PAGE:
f. When cooling foods, food service personnel should use shallow containers
with a depth no greater than 3 inches. The container should expose a large surface
area of the food product. Cutting food into small pieces and stirring the food will also
promote rapid cooling.
g. Food service personnel should not overburden refrigeration units with an
excessive quantity of hot foods to be cooled.
h. Food service personnel should never allow hot foods to cool at room
i. Likewise, frozen foods must not be thawed at room temperatures. Frozen
foods should be thawed in a refrigeration unit, in a conventional or microwave oven,
under potable running water, or during cooking.
j. The temperature of a refrigeration unit does not give an accurate indication of
the temperature of the food products that it contains. Due to this, the food products in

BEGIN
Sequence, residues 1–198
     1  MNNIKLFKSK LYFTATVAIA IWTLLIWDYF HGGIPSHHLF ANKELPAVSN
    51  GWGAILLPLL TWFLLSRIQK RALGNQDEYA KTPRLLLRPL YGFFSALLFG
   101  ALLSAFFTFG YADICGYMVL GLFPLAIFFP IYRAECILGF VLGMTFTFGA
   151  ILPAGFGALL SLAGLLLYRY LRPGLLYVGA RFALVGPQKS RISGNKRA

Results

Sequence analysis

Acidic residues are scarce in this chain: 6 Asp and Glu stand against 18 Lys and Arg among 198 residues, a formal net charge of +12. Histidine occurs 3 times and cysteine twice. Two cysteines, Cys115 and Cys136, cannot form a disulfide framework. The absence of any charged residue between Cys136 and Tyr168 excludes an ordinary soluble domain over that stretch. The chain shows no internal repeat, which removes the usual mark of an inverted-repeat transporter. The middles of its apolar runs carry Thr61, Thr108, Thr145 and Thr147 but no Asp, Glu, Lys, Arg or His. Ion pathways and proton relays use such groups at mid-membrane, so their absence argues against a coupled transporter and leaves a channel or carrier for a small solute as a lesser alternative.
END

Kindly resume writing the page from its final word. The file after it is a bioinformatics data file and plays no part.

the refrigeration unit must actually be checked with a food thermometer. Likewise, food
products on the serving line must be checked with a thermometer. A thermometer
placed in a food item is the only way to determine if the temperature is safe.
k. Cross-contamination occurs when foods are contaminated by contact with
other contaminated food items, personnel, utensils, equipment, and surfaces. It can
occur in all phases of food handling and processing, but frequently intensifies problems
arising from inadequate temperature control during food preparation.
(1) Cleaning and sanitizing equipment, utensils, and surfaces.
(2) Requiring employees to wash their hands.
(3) Covering foods.
m. It is your job as an inspector to determine that Army food service personnel
follow the procedures designed to establish adequate temperature control and to